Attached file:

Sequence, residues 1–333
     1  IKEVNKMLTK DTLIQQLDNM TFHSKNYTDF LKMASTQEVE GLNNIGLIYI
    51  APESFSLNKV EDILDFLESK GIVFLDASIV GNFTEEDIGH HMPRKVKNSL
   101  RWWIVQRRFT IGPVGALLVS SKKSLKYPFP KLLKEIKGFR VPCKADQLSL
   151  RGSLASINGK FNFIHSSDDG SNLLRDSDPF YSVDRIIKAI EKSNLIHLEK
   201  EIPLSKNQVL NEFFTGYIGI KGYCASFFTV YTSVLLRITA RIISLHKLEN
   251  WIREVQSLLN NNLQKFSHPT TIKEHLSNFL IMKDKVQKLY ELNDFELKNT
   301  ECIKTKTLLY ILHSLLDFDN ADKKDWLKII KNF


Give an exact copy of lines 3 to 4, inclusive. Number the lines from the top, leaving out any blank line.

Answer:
    51  APESFSLNKV EDILDFLESK GIVFLDASIV GNFTEEDIGH HMPRKVKNSL
   101  RWWIVQRRFT IGPVGALLVS SKKSLKYPFP KLLKEIKGFR VPCKADQLSL